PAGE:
Lawyers, like good horses and robots, must exercise judgment to determine when obeying the client will hurt the client. The lawyer may refuse to perform such imprudent or repugnant acts based upon a fundamental disagreement. Clients should be glad of this constraint. Otherwise, they may find themselves in deep water like, for example, Black Beauty’s master had Black Beauty obeyed his improvident order to cross the washed out bridge!

I have had the chance to serve on the Rules of Professional Responsibility Committee of the Washington State Bar Association (WSBA), as special district counsel for the WSBA Office of Disciplinary Counsel, as a Hearing Officer on Disciplinary Matters and written and lectured on legal ethics. There is much to know and learn about ethical questions. A good place to start is understanding the interaction between the First and Second Law of Robotics.

A good lawyer, like a good horse (or even a good robot), should not blindly obey orders. Such orders cannot be complied with if they work as a fraud upon others, further a criminal enterprise, or even if they simply lead to a fundamental disagreement. The lawyer need not proceed with a representation that has been rendered unreasonably difficult by the client or which will result in an unreasonable financial burden on the lawyer. Most important, a lawyer is obliged to use his or her independent judgment to make sure that, within the bounds of the law, obeying the ciient’s orders will not harm the client. This requires the exercise of independent professional judgment and protects the client from rash, imprudent, or even criminal conduct.

A competent lawyer is one upon whom is reposed tremendous responsibility by the client, including the responsibility to say “No” when appropriate. A lawyer is more than a robot. But, as Isaac Asimov reminds us, even a robot sometimes has to say “No.”

Mandatory Arbitration in Washington

The default policy in American jurisprudence is the so-called “American Rule,” leaving legal fees to be borne by the party incurring the fees. This may be contrasted with British jurisprudence where fees are routinely shifted from the prevailing party against the non-prevailing party. The “American” system wins praise for its avoidance of the “chilling” effect that fee-shifting would have on innovative litigation (e.g. products liability claims, civil liberties actions, etc.) and for its protection of the rights of citizens arising in cases that simply cannot be vindicated without incurring fees that (absent fee-shifting) would vitiate any remedy by exceeding the amounts at issue.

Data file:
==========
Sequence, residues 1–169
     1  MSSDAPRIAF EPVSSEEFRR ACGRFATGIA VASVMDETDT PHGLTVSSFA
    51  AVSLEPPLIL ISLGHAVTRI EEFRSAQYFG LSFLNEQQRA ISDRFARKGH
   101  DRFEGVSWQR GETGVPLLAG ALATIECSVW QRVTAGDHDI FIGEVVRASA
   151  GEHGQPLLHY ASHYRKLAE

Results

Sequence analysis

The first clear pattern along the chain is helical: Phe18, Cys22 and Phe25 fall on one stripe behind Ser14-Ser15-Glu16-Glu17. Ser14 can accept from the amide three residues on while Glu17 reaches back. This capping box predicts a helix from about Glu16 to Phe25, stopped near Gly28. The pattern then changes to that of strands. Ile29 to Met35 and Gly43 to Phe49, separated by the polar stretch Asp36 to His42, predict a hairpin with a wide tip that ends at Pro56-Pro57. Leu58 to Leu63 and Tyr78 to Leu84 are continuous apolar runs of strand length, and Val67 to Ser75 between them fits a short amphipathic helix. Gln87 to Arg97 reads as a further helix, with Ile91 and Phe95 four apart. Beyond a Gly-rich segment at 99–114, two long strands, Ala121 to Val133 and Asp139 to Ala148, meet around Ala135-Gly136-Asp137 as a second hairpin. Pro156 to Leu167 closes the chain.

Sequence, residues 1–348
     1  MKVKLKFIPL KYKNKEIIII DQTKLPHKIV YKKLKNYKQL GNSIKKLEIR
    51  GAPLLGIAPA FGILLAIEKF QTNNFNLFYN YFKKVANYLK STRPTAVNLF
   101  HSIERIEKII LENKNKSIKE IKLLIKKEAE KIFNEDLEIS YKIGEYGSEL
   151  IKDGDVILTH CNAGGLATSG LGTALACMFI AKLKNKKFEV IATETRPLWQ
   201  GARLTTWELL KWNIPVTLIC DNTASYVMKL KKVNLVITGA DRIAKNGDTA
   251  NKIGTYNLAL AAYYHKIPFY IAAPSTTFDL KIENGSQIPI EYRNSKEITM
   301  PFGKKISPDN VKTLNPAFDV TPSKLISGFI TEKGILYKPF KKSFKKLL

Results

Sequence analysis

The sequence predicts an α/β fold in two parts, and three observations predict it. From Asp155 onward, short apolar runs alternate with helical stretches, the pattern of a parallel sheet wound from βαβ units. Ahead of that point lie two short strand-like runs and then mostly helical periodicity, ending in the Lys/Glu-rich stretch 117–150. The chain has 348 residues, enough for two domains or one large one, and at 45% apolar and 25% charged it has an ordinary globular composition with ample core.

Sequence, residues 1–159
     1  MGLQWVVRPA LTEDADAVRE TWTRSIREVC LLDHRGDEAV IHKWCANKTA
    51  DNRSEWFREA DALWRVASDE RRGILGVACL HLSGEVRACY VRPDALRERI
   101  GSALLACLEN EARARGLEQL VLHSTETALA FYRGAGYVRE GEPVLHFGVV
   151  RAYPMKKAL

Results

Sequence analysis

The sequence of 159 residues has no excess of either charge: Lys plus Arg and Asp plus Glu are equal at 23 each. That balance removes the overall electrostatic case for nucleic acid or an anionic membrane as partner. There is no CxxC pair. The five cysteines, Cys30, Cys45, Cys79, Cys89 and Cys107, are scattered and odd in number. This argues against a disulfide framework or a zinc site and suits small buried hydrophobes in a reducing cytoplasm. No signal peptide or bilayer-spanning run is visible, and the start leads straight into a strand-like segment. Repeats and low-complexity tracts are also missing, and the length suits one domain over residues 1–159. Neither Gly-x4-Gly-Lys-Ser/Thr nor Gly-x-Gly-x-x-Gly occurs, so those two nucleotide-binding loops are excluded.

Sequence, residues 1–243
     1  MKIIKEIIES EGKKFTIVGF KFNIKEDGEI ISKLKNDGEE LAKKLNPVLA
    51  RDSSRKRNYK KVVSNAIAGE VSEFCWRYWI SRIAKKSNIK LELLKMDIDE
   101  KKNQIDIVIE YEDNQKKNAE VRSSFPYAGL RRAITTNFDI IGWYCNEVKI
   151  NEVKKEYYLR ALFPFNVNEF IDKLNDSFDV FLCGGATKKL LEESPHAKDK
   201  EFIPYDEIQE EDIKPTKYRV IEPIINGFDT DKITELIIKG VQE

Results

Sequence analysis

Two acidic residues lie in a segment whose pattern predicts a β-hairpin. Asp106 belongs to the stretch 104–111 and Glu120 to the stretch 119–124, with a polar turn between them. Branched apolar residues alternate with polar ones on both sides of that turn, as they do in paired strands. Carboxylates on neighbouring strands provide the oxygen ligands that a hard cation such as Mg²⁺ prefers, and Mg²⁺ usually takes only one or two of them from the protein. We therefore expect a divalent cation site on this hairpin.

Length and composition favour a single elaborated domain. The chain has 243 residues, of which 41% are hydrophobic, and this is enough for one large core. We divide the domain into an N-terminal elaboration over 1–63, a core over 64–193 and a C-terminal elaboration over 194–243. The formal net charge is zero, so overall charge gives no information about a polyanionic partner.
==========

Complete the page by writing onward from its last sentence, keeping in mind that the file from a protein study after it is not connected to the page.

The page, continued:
Washington State, like most sister jurisdictions, follows the American Rule with the default being that attorneys’ fees are borne by the party that incurs them unless there are public policy reasons supporting fee-shifting. Such policies in Washington State include, for example, the Insurance Fair Conduct Act, RCW 48.30 et seq., which awards attorneys’ fees and costs of litigation to a prevailing insured who proves that they have been subjected to unfair practices; Federal civil rights (§1983) claims; actions under RCW 19.86 [Washington State Consumer Protection Act]; Domestic Relations Child Support (RCW 26.21.325); Wage Claims under RCW 49.46.090, and, of most importance here, appeals from arbitration awards under the Mandatory Arbitration Rules ( MAR). The statutory basis for fee-shifting in the MAR arises in the context of longstanding Washington State policy. Since 1979, counties in Washington State have had a local option to implement mandatory arbitration pursuant to RCW 7.06. It was introduced in King County with a jurisdictional limit of $10,000 in 1980, upped to $15,000 two years later, increased to $35,000 in 1989, and later to the current level of $50,000.